2020 April Cycle Seed Grant Recipients: Zheng Qiu and his team at DEMO Studio aims to provide solution references for traditional small household appliance-manufacturing businesses in Beijiao, Foshan through product and brand transformation. Focusing on how industrial design and a design-driven process can be effective approaches to helping the local manufacturing industry of small household electrical appliances. Zheng Qiu’s project will dive into the challenges and opportunities for these local enterprises, studying their potentials and proposing revised and referential proposals that allow the design industry, manufacturers and suppliers in the Greater Bay Area to work collaboratively and efficiently.
Maggie Chan Tsz Wai and her team at Ground Rule Studio’s came up with the Waste Made Wonderful project, an environmental initiative that addresses Hong Kong's landfill problem and looks to fill the gap in the market that lacks readily available eco-conscious raw materials. The initiative is launched to create broader awareness of eco-conscious material substitutes for use for a range of creative industries, and bring attention to the different waste streams created in Hong Kong’s daily lives and the detrimental impact it leaves. Through collaborative exchanges, exhibits and workshops to the general public, this initiative will encourage designers to become more eco-conscious in their material choices and inform the public of their consumer choices, while actively seeking new environmentally-friendly substitutes for product creations.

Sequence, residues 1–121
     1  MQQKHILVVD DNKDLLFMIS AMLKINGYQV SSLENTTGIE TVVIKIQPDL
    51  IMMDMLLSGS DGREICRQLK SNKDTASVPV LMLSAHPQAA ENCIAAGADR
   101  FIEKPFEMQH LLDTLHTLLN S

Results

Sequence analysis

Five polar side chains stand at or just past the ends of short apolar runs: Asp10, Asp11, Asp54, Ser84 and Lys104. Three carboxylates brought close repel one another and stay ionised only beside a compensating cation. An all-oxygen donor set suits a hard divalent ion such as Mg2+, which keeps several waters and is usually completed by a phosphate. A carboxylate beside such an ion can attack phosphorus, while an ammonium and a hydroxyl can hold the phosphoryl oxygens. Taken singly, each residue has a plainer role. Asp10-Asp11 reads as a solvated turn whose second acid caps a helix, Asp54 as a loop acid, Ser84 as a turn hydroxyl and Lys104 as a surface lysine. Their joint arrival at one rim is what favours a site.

Studio Florian and Christine’s Tactile Light Textile is a series of smart textiles that explores the preservation of traditional craft, specifically Chinese embroidery, whilst infusing innovative technologies, like LEDs, sensors and 3D knitting, that results in a questioning of the value of traditional craft in modern technology and design. The creation involves collaborating with Hong Kong embroiderers and textile artisans, while the modern aspect involves working with LED lighting, wiring systems and motion sensors. The duo has been actively learning about Hong Kong’s heritage craft for the past two years, and the intention to create such “hybrid crafts”--the fusion of technology with traditional crafts, prompts an understanding of how age-old skills can be preserved for the future, and its potential to be realised in a different form. Exploring the future of lighting, Florian and Christine focuses on how heritage craft can play an active role, working alongside craftsmen and the creative network in Hong Kong.
Enrique Moya-Angeler and Lee Man Pan, CP’s project, named “Mr. Tschumi, have you seen follies in Hong Kong? A physical archive of the ventilation shafts of the MTR infrastructure”, aims to reveal and document the ventilation shafts of Hong Kong’s Mass Transit Railway (MTR), the project also aims to extend its reach to Shenzhen railway system (Line 1). Inspired by the ventilation structure that sits in front of the Western Market, Enrique’s study seeks to give visibility, educate, and build a valuable virtual archive of these structures that he sees as physical and architectural milestones besides their principal purpose as ventilators. The research process will involve a physical survey to determine the tectonic, structure, construction materials, dimensions, colours, and physical situation of these ventilator shafts. The final objective of this project is to document, catalogue and map, culminating in a model-base exhibition. The name of the project alludes to the Villette Park in Paris, which was designed by Swiss-French architect Bernard Tschumi in the 80s. Drawing parallels between its iconic follies, which serves as direction references, and MTR ventilation shafts, it prompts questions on the architectural or heritage value of such structures in an urban landscape.